Pollenizer tree may not be needed to produce fruit

Q: How close do I need to plant a pollinator tree? I want to plant more fruit trees and was curious how close it needs to be? My neighbors have various fruit trees, and I am about a half mile from Gilcrease Orchard. Is this close enough to be effective, or should I plant my own?

A: I know this sounds like a cop-out, but it should be as close as possible. By the way, a pollinator is an insect that takes pollen from one tree to another. A pollenizer is a tree that provides pollen.

Make sure your trees need a pollenizer tree. Years ago many of our fruit trees required pollenizer trees to set fruit. Advances in breeding and selection have provided newer trees that are self-fruitful, or, in other words, they don’t need another tree to produce an adequate amount of fruit. Many backyard fruit trees do not need pollenizers in our climate.

There are still some varieties of peaches, apricots, almonds and apples that do. It is common to require pollenizer trees for plums and pluots. It should tell you on the label when you buy it.

Setting fruit is not an on and off switch. With some fruit trees, a light fruit set can occur without a pollenizer tree close by. If your trees do require a second tree to set enough fruit, then the farther away a pollenizer tree is, the less likely it will do its job.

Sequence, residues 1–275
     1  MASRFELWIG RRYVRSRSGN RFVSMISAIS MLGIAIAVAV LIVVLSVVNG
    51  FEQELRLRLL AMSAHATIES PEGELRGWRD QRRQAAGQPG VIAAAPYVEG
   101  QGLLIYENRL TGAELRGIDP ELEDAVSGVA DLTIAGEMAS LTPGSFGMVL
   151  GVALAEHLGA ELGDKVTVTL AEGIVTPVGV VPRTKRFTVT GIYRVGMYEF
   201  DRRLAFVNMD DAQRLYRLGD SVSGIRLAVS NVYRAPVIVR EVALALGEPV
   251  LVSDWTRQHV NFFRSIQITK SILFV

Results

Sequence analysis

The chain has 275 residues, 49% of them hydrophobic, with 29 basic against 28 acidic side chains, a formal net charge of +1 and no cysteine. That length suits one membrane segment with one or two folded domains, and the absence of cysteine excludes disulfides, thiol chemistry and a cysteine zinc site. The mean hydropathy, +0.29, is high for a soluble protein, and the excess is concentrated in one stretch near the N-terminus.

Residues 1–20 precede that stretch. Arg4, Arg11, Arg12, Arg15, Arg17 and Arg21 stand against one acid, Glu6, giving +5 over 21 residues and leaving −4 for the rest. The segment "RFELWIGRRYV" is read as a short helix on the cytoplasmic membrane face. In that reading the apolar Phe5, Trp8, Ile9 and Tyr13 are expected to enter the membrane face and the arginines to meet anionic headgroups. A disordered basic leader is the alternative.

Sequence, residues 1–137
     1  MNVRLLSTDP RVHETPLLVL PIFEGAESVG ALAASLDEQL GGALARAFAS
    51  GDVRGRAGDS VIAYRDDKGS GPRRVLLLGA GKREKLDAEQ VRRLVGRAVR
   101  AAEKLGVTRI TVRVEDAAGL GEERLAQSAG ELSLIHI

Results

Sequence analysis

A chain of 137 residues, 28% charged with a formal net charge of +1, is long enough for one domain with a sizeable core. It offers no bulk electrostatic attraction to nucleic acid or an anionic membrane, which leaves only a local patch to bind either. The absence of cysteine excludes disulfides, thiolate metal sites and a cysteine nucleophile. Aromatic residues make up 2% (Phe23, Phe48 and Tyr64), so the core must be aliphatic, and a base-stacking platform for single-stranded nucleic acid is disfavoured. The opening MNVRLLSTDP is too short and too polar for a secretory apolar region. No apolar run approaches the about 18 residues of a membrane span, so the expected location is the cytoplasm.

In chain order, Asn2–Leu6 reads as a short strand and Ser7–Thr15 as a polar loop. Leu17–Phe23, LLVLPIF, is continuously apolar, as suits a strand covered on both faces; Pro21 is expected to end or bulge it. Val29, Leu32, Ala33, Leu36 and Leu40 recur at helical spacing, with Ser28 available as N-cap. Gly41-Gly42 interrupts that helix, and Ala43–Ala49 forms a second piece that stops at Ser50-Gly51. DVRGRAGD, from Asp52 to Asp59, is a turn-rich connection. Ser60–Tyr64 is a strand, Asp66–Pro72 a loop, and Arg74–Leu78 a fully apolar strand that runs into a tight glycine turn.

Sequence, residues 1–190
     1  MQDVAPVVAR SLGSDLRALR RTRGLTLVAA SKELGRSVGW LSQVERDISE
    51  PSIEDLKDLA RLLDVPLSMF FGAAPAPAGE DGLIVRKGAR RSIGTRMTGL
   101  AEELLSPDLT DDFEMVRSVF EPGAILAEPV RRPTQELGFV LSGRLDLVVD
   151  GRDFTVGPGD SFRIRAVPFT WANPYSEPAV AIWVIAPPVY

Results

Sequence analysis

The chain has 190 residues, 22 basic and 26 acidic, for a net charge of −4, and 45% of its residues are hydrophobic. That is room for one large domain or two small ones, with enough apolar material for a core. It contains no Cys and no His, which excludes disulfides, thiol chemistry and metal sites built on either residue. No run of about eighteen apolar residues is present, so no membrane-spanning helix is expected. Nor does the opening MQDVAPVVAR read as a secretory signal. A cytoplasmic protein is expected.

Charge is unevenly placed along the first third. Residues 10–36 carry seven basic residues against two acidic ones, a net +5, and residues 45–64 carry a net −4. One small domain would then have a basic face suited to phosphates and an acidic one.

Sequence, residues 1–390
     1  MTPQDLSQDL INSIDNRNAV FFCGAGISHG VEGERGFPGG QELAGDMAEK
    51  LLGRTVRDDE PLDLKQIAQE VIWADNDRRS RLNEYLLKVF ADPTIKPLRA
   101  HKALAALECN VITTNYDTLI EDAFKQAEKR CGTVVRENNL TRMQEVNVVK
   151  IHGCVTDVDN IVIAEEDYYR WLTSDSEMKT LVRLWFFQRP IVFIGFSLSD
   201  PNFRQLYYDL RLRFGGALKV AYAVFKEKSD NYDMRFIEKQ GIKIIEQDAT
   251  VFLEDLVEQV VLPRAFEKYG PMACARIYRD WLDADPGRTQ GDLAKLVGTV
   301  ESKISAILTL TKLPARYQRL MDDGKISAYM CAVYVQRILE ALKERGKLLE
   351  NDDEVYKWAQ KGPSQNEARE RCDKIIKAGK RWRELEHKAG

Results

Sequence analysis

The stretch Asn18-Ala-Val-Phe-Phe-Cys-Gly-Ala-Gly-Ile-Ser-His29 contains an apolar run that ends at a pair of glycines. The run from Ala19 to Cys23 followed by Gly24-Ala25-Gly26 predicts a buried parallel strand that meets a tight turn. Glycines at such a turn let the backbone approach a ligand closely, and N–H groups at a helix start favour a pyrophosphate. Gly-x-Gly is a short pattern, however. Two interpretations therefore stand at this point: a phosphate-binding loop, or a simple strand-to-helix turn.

Line of sight is important. If pollinators like honeybees can visit the flower in a straight shot, it is better for them than turning a corner. But a half mile is too far away to do any good at all.

As a rule of thumb, honeybees forage up to about 2 miles from the hive, but as distance increases, the likelihood a bee will visit your trees decreases. Also, honeybees spend a lot of time bringing water back to the hive to help cool it on warm days. This takes away from pollination time.

If you know where there is a pollenizer tree, take a bouquet of branches and put them in a vase of water at the base of the tree as flowers are about to open.

Plant a pollenizer tree in the same hole as yours, 18 inches apart, for the sole sake of providing a few flowers for pollination. It doesn’t need to be big to produce enough flowers for pollination.

Q: Can I grow green beans in Las Vegas? If so, can you suggest good varieties and the best time to plant?

A: Beans of all kinds do quite well here if planted at the right time. Green beans are grown as french (filet) beans and snap beans. But beans for shelling and dry beans will grow here as well.